Before today he had danced with her in this room of wainscoting and light when the hollowness was supplanted by their dreams and the trappings of family that came and left like a breeze upon the water. Children had lived flashing moments within the house to make touches on doorframes and walls and embrace a world expanding like a paper fortune teller, and in his mind each nick and scratch was a word of unbridled joy. Their son and daughter were all grown up now and lived thousands of miles away, pursuing the heart of fortune with friends who struggled to find meaning and definition under the keenly-felt disappointments.
Her husband reached over the bedspread then laced his callused fingers with her pale hand until the palm was covered like a scrap of burlap laid across a cameo. She dropped her crossword puzzle into her lap and looked past him to the street. “The movers are late.”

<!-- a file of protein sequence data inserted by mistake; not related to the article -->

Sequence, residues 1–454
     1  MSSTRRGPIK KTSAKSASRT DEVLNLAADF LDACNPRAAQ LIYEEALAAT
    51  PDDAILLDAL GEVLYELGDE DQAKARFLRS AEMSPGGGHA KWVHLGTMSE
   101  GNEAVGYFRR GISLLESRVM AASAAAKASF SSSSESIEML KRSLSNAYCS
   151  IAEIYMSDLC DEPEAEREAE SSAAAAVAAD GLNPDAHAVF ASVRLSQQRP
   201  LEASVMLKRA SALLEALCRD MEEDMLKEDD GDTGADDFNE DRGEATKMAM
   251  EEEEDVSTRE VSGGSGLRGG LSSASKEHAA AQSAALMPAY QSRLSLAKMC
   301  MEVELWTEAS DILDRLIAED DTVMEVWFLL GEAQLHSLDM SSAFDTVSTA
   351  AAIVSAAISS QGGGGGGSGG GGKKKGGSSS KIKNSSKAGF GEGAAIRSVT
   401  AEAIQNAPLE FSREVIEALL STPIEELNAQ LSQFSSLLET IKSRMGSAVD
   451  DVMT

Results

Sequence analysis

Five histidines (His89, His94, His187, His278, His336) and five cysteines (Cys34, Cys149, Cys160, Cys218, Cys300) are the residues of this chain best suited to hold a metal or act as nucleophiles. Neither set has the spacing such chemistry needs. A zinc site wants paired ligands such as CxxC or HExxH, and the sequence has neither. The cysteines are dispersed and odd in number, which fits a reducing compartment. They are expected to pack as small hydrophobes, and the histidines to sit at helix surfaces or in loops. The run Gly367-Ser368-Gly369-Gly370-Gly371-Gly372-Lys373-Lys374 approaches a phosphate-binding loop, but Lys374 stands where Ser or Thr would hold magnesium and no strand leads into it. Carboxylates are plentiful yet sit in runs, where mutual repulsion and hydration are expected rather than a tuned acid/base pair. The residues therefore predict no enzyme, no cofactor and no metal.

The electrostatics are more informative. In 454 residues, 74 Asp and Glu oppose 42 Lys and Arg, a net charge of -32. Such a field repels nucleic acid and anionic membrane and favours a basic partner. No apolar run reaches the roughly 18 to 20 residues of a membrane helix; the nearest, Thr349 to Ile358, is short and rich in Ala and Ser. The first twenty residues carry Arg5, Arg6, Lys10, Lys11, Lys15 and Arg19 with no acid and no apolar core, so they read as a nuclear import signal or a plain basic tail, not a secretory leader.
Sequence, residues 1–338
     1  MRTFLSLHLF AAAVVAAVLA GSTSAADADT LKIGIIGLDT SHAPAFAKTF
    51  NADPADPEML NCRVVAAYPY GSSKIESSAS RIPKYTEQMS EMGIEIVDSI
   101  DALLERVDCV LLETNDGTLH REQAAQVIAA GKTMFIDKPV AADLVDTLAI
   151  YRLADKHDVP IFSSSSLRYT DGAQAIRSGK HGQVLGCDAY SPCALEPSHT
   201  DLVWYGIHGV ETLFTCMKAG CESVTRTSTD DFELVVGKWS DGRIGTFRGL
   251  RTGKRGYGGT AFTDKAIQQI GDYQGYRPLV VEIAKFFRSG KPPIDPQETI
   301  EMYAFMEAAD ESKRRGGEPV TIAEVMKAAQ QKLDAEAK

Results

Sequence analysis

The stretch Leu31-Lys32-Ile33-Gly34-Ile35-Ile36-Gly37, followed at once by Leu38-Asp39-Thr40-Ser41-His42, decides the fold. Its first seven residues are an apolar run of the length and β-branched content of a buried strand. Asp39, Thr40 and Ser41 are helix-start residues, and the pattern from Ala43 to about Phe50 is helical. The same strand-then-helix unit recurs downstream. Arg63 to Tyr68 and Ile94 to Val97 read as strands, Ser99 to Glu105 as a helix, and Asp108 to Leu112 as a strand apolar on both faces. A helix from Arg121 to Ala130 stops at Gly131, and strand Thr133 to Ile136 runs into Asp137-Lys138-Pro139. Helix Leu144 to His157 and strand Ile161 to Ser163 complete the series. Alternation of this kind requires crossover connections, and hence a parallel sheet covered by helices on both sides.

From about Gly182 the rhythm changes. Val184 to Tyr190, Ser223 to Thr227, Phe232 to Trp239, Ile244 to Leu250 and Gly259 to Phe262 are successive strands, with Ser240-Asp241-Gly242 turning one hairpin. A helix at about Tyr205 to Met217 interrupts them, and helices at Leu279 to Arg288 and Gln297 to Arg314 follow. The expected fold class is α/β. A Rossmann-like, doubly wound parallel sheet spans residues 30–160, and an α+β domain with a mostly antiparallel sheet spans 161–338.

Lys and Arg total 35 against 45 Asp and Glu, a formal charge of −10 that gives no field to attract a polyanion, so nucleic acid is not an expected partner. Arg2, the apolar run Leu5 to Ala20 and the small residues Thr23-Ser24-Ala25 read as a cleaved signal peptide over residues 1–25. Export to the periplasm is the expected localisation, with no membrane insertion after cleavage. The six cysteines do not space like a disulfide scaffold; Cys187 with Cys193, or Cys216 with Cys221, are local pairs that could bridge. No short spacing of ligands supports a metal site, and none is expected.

He curled his fingers a little as a gentle embrace. “Maybe they missed the turn. They’ll be here.”
She sat up quickly and became a fluttering bird. “Get me to my chair. We can have them take this damned bed too.” Her hands fumbled with the bed covers then the bed lowered as she pressed the buttons on the control.
“They may not have room –“ he began then halted to sidestep the old argument. The bed had cost a lot, even with government aid. Its rails and motor were her safe horizons and a bulwark against an illness whose slow trickle made so many things beyond her control. Better beds were on the market with massage features and air pads but she was adamant that this was her bed, not a patient’s bed. He always lost to the comfort of familiarity.